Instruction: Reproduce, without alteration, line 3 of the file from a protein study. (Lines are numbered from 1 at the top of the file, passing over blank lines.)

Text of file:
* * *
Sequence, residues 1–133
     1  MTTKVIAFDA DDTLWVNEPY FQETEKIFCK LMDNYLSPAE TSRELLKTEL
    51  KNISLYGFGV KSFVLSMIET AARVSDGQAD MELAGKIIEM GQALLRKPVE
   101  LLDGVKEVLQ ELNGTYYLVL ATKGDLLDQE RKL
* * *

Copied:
    51  KNISLYGFGV KSFVLSMIET AARVSDGQAD MELAGKIIEM GQALLRKPVE